Living with multiple sclerosis
Multiple sclerosis (MS) is a disease of the central nervous system that interferes with nerve impulses within the brain causing a number of adverse physical symptoms that vary from person to person.
Head of the Neuroepidemiology Unit (NEU) Professor George Jelinek and his team are researching identifiable lifestyle risk factors that predict health outcomes for people with multiple sclerosis.
Professor Jelinek has lived with multiple sclerosis for 16 years and is dedicated to remaining well through the modifiable behaviour he researches.
The team is conducting a longitudinal research study into lifestyle risk factors and preventive medicine for those with multiple sclerosis to see if intervention strategies can be used as a secondary preventive approach to managing MS alongside medication.
They found that people with MS who eat well, take vitamin D supplements and maintain a healthier physical lifestyle, have reduced odds of fatigue. Likewise, those who had healthy dietary habits and a more active lifestyle reported lower levels of disability.
The potential to slow the progression of the disease for those with MS by implementing some changes to one's lifestyle is something that Professor Jelinek is keen to research further with randomised controlled trials.
While the damage done to the nervous system might not be reparable for many people with MS, a reduction in attacks and stabilisation of the disease can help protect the spine and brain allowing those with MS to live with better control of their future.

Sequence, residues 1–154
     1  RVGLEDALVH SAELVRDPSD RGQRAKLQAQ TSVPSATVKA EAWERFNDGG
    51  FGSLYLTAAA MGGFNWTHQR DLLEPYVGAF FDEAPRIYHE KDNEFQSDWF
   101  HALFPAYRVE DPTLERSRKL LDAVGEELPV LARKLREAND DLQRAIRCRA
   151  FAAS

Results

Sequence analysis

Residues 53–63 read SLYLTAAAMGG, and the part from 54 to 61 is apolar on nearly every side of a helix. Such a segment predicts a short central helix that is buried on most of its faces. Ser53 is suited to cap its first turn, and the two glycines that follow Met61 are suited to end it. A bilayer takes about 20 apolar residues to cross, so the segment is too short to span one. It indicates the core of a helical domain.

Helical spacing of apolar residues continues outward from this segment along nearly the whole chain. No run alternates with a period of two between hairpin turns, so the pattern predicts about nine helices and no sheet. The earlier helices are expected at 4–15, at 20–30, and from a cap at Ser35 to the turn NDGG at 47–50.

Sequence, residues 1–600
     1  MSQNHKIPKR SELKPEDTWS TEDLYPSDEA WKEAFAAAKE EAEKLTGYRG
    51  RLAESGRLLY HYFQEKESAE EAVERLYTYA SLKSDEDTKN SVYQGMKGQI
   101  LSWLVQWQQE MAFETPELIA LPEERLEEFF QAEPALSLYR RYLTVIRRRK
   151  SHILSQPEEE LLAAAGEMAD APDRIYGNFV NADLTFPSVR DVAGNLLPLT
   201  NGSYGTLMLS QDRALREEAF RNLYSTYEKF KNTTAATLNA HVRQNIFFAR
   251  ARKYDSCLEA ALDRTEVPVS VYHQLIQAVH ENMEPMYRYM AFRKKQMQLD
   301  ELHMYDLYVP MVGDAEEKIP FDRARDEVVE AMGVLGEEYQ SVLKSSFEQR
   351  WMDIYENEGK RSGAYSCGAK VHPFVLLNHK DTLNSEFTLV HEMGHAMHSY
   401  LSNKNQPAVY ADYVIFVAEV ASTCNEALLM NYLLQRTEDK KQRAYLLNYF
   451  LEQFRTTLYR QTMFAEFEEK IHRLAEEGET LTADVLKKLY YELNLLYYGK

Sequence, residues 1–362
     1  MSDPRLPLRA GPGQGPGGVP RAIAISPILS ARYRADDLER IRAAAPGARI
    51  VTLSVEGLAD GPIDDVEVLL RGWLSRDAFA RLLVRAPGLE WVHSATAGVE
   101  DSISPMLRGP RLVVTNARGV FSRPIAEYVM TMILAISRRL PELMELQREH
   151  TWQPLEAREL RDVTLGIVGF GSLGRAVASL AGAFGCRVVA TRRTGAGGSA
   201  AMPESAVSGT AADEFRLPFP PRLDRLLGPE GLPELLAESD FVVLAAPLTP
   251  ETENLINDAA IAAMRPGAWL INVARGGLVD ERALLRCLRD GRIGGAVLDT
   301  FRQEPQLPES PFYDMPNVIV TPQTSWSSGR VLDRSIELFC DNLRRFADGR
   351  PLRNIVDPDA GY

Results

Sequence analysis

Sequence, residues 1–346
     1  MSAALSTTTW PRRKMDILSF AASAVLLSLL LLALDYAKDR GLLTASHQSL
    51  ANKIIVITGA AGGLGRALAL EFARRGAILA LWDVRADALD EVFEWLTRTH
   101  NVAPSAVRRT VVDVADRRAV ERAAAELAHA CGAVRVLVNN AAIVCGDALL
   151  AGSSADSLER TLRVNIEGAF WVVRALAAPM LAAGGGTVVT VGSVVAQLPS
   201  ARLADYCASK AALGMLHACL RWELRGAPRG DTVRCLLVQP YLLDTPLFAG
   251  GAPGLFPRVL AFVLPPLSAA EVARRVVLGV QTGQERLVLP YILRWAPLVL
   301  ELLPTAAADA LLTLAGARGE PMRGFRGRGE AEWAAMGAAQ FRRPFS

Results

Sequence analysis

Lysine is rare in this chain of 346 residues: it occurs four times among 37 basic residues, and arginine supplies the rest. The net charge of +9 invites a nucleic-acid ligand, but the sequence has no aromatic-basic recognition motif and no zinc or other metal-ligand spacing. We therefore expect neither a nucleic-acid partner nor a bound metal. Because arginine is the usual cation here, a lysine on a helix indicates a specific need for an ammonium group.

'This research has the potential to markedly improve the lives of people with MS everywhere,' said Professor Jelinek. 'The aim is to have a relatively simple lifestyle change that can be implemented by people with MS alongside their medications to improve their health outcomes and slow or stop their progression to disability.'
The research builds on the work of many other epidemiologists in Australia and world-wide in elucidating the critical lifestyle factors associated with disease progression in MS.
The team work with colleagues at the Melbourne School of Psychology, and receive expert advice from colleagues at the Murdoch Childrens Research Institute. Psychologist Dr Lisa Kiropoulos is collaborating on a study of the health of partners of people with MS, and University of Melbourne Professor Anne-Louise Ponsonby at the Royal Children's Hospital sits on the Steering Committee of the Neuroepidemiology Unit and collaborates in research elucidating these lifestyle factors.
The research is intended to allow others with MS to improve their own quality of life and health outcomes through simple changes that can have a significant impact in slowing or stopping the progression of disease and reducing the severity of symptoms.
By Lisa Mamone